The benefits of learning to understand rich, layered narratives extend ""far beyond the scope of fiction,"" say the authors, who lead a renowned book group for children and their parents at their small town library and who have written several other books on the subject of reading (Warmly Inscribed, etc.). Competing against Superbowl Sunday and countless other activities, their first attempt at a reading group was stacked against the odds. But because of their unusual ability to make reading fun and meaningful, their program has become a standard for parent-child reading groups around the country. This book, meant as a guide for those who want to set up their own reading clubs, offers a fantastic reading list beginning with Mr. Popper's Penguins for second graders and ending with The Time Machine for fifth graders. Many of the actual library sessions are discussed in detail, demonstrating the authors' terrific techniques for helping kids and parents see and debate the layers underlying the story, plot, characterizations, point of view and themes. ""The highlight of almost any discussion is the discovery of what the author has implanted at the core of the book,"" they say. A distinguished work full of humor and wisdom, their book suggests that by encouraging children to read and talk about the mystery of complex, substantial books, parents and teachers can greatly expand young peoples' worlds and ultimately their life choices. As a lesson in how to enrich child-parent relationships, this book is great.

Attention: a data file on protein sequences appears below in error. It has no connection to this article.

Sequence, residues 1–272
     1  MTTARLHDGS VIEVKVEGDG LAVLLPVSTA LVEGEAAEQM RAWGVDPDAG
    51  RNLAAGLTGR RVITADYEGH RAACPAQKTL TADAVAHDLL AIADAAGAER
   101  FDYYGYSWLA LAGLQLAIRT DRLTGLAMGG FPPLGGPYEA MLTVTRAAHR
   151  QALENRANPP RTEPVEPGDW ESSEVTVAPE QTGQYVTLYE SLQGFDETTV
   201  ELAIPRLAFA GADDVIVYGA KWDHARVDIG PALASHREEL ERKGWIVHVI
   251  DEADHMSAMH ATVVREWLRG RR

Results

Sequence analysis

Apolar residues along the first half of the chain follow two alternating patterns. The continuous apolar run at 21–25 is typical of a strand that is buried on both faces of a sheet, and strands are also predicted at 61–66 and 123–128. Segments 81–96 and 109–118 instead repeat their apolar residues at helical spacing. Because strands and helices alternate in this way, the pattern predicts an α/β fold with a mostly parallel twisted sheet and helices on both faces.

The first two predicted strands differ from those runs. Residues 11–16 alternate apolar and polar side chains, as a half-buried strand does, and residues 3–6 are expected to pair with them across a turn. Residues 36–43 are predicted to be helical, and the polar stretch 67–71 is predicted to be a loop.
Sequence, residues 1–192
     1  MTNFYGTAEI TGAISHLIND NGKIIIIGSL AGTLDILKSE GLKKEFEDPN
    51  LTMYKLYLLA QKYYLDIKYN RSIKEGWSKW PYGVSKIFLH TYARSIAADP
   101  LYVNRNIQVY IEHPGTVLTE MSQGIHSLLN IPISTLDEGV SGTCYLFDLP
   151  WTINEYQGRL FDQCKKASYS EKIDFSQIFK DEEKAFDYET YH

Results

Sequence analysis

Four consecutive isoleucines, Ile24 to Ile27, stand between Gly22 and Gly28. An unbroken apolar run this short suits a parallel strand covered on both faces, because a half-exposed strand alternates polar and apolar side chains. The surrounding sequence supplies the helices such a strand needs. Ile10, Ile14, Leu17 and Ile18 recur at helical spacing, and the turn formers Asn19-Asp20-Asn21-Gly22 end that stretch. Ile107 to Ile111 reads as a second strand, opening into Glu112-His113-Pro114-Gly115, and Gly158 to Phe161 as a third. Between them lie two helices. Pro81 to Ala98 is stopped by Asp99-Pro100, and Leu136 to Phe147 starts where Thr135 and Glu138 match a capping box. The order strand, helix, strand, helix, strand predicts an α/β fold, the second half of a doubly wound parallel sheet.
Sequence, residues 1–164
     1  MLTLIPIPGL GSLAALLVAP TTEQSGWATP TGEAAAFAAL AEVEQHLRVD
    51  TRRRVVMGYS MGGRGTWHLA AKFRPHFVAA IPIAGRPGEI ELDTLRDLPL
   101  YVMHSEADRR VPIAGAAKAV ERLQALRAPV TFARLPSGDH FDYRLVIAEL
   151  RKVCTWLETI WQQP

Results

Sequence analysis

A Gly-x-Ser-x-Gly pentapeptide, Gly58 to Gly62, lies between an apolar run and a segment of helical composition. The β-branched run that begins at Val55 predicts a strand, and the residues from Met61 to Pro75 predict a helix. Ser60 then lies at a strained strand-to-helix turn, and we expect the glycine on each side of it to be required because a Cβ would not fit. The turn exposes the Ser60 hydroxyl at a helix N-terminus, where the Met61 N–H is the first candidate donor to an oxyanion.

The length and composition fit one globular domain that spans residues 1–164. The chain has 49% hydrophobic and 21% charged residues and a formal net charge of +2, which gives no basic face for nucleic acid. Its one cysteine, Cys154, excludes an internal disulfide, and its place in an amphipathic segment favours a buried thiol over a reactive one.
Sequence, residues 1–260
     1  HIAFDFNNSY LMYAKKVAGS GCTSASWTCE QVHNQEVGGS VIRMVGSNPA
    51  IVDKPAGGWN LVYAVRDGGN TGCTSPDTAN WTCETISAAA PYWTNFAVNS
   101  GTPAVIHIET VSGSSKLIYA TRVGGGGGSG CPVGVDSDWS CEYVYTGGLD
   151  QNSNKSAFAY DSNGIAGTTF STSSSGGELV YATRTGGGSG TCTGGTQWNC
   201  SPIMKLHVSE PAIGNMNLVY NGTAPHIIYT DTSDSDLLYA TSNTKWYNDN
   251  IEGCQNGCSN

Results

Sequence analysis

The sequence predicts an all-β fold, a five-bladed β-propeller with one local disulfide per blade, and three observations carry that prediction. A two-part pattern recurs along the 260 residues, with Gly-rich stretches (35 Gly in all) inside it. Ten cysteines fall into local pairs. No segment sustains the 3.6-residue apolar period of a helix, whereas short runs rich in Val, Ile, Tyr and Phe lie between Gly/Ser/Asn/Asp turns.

Reviewed on: 05/02/2005 Release date: 05/01/2005 Genre: Nonfiction